Some horses like a contact with the reins all the way up until the point of takeoff at a jump, while others prefer to have soft or even loose reins in the last stride or so. Make sure you know which type of horse you have.
Any issues you have at the canter are usually there at the walk too, but just don't bother you as much because you're not going very fast. But it is easier to fix things at the walk! So don’t miss that opportunity.
Here is a trot pole exercise that will test your straightness and accuracy, while teaching your horse to more carefully think about the job in front of him, and what he has to do with his feet! (Click on Article Title above (in blue) to read full article)
You don't really do yourself any favors when you cater to your weaknesses. For example, if you only like to ride with your whip in your right hand, and it feels odd and uncomfortable in your left - you need to make yourself ride with it in your left hand. And if you are uncomfortable riding amongst distractions or with people watching, you only better yourself by seeking out those conditions.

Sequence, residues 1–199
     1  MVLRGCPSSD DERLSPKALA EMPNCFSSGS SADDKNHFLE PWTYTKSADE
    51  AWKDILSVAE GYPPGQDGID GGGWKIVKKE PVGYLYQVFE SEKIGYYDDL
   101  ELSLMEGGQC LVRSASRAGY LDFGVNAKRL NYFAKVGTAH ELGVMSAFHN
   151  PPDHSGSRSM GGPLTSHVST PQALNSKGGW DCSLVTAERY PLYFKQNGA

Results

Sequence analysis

Problems can only truly be fixed by finding their root cause, and addressing that rather than merely addressing the symptoms. Address the symptoms alone, and they will keep coming back. Or new symptoms will develop.
In your Dressage seat, let your legs hang quietly down - close to your horse's sides for easy and intimate communication, but not tight, which would lessen your ability to communicate in a subtle manner.
When you give an aid, whether it is a half halt or an aid to canter - ask very lightly, and then wait a bit to give the horse time to process and respond. This takes the pressure off of the horse, which lets him think more clearly about what you are asking. This will allow him to respond in a more focused way.
Have you ever stopped to wonder how your driving habits might be affecting your riding?? Many of us spend quite a lot of time behind the wheel. And since we are such creatures of habit, many of the things that we habitually do while driving can easily become somewhat "normal" for us, showing up in other situations as well.